Freakanomics evaluates the peceived wealth of gay men, and examines the earning and spending power of LGBT households

Posted by JD Uy
December 22, 2013 6:06 PM |

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Economist Stephen Dubner used his recent Freakanomics podcast to ask, "Are Gay Men Really Rich?"

Back in October, Dubner's fellow economist, Steve Levitt, attempted to rationalize how one might go about choosing a hometown. He explained that "amenities," the kinds of things that people were willing to pay for, were key to an area's appeal. Levitt explained that places which had lots of amenities in a condensed area tended to be more expensive. He said that, in general, childless couples engaged in some self-selection based on amenities that matched their lifestyles. Then, he added:

"There's been some interesting research done on homosexual couples and where they tend to live. They tend to be more affluent than the typical person, and they tend to like different sets of amenities, and not have as many kids. And, it turns out, if you want to find out where all the nice places in this country are, you just go to the places where the homosexual couples end up. Because, they tend to be concentrated in places where everyone else is willing to pay a whole lot of money to go live in." 

A Freakanomics listener asked this month: What it is about gay culture and gay men that allows them to live in "very well-kept, expensive and highly sought-after" neighborhoods in America's largest cities.

Dubner's podcast began with the commonly held beliefs that, because men in general tend to earn more money, two men coupled together will therefore have higher earnings. Dubner noted that, inversely, lesbian couples tended to have lower-than-average household incomes.

He then interviewed Lee Badgett of The Williams Institute, who indicated that gay men may be reaping the economic rewards of having higher levels of education:

"One possibility is, a gay person says, 'Well, I know I'm going to face some stigma and discrimination in the labor market. Maybe my best defense against having an income disadvantage is to get a lot of education.'"

Another reason given was that gay men tended to spend less on raising children than heterosexual and lesbian couples. Perhaps not surprisingly, Dubner conveyed data that showed same-sex couples tended to go out shopping more than heterosexual counterparts, and with pet care products specifically, gay households spent 50% more:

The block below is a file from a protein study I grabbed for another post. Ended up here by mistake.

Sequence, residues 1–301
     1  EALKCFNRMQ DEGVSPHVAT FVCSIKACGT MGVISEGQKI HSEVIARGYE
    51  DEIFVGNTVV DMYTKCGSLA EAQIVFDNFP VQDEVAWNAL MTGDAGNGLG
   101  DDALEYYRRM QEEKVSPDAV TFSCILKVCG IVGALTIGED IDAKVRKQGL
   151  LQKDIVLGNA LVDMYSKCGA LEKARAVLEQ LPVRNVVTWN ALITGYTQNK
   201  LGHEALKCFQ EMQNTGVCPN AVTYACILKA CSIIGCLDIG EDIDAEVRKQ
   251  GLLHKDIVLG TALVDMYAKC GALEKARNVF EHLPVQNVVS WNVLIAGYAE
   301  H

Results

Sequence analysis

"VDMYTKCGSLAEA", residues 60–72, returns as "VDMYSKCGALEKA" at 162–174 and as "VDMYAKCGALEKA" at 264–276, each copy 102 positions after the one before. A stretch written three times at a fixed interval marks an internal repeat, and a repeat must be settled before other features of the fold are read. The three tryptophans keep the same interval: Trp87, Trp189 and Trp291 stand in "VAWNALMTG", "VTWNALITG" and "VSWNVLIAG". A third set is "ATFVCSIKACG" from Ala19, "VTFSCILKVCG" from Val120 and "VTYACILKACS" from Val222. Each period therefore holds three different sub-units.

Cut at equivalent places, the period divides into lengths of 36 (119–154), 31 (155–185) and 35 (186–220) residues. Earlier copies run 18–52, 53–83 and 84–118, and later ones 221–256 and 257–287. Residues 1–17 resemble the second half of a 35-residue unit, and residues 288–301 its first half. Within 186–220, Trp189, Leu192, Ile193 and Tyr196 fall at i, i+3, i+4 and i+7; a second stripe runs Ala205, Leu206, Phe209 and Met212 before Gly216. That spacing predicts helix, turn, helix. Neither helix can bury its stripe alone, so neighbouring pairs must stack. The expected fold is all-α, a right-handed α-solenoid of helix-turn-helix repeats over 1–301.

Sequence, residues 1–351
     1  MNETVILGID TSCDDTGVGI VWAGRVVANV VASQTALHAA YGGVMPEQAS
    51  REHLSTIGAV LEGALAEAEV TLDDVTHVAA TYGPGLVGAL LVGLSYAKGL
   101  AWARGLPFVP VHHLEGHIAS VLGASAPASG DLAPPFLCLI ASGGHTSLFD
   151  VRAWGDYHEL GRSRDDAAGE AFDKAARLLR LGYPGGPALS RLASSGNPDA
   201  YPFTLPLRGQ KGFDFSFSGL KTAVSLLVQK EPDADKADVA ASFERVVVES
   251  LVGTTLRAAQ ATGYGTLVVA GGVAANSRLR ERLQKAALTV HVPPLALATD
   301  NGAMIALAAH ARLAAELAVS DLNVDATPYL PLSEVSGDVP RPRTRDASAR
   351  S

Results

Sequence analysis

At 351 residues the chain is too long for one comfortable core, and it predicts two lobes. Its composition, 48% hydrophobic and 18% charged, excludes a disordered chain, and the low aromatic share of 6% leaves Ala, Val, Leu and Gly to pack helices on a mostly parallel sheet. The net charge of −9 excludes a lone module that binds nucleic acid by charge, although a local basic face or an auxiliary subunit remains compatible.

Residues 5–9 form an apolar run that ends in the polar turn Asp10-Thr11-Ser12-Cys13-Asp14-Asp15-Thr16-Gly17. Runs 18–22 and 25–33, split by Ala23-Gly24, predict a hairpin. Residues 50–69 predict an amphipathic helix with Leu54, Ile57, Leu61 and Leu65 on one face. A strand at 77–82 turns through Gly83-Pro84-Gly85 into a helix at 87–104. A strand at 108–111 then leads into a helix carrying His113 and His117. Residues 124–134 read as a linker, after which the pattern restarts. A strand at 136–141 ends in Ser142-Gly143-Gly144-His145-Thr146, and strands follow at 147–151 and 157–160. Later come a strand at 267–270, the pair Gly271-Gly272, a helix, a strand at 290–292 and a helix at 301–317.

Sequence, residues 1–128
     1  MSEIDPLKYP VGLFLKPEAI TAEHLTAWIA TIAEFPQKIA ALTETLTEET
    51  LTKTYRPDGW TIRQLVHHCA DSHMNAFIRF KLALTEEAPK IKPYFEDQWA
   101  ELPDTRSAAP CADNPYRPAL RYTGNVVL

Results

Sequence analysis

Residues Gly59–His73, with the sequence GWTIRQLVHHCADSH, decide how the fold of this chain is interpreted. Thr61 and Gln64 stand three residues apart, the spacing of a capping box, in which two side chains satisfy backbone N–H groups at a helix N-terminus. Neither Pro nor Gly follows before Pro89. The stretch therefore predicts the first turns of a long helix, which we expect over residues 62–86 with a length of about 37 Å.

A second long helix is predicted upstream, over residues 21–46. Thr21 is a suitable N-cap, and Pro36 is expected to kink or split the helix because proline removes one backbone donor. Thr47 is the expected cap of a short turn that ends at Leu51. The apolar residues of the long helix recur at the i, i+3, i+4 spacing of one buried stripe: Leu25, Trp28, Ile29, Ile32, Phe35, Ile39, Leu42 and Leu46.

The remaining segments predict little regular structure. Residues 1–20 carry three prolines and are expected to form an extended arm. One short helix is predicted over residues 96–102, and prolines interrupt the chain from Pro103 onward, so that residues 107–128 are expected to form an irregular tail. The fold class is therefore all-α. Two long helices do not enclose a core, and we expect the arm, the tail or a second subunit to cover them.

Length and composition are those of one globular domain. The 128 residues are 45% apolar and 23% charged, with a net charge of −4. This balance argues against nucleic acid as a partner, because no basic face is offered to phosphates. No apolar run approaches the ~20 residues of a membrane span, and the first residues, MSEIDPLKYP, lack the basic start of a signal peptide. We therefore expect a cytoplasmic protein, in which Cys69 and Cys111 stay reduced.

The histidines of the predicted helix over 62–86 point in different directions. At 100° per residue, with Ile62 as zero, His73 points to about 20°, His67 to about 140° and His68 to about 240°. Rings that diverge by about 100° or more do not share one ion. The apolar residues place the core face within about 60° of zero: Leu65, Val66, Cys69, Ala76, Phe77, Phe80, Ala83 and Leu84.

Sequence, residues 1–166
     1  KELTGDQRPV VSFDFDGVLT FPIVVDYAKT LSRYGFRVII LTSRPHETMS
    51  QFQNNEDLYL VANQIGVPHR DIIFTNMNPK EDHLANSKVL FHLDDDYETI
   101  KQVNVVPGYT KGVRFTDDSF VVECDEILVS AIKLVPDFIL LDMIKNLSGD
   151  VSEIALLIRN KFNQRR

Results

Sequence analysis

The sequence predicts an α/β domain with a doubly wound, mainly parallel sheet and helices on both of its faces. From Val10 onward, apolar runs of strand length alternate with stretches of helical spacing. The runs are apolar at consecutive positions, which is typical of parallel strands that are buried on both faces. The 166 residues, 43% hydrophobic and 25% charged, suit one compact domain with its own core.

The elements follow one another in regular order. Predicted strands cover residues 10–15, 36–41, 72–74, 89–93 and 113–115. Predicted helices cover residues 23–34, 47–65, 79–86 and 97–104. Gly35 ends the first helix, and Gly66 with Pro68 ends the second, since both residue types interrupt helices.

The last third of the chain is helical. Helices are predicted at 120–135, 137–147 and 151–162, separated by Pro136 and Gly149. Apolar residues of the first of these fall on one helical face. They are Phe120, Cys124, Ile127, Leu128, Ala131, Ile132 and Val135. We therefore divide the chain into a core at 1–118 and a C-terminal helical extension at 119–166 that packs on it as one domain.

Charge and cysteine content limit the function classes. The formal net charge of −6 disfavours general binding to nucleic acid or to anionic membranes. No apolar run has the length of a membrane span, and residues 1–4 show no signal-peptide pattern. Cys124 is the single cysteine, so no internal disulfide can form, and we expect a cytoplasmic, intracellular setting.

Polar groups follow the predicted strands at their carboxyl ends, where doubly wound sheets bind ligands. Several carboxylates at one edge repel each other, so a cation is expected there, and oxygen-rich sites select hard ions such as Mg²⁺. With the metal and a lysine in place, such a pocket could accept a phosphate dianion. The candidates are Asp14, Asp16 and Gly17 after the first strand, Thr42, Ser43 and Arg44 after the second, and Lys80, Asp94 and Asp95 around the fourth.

"So, if you're a dog, and you want to be pampered, having gay parents seems to be a good idea."

However, Dubner spent the second half of his Freakanomics show examining the source data which has led to these broad claims about LGBT economics. According to his findings, the data is somewhat insufficient. He and others explain that the data primarily reflects the earnings of same-sex couples, not individuals. Dubner added that the U.S. Census does not directly collect information about LGBT households, so there is an assumption made only when same-sex partnerships are indicated. Also, because of discrimination, it is believed that many people continue to hide the details of their sexual orientation in other surveys. In addition, analysts considered that gay couples might be more willing to come out if they are financially secure, which would lead to an overrepresentation of wealthy couples in the results.

So, in the end, trying to determine whether gay male wealth is a mythical stereotype or a real-world phenomenon seems to be a complicated answer. Yes, some evidence shows this to be true, but to be conclusive about it, more data would need to be collected. And, given the rapidly changing sociopolitical climate, the rise of adoptions among gay couples, and the wide variety of variables associated with self-identification, obtaining an accurate reading may remain difficult.

Dubner concluded with a definition of "confirmation bias:"

"When you already think something is true, you tend to pay more attention to evidence that confirms that idea."

Listen to the podcast here:


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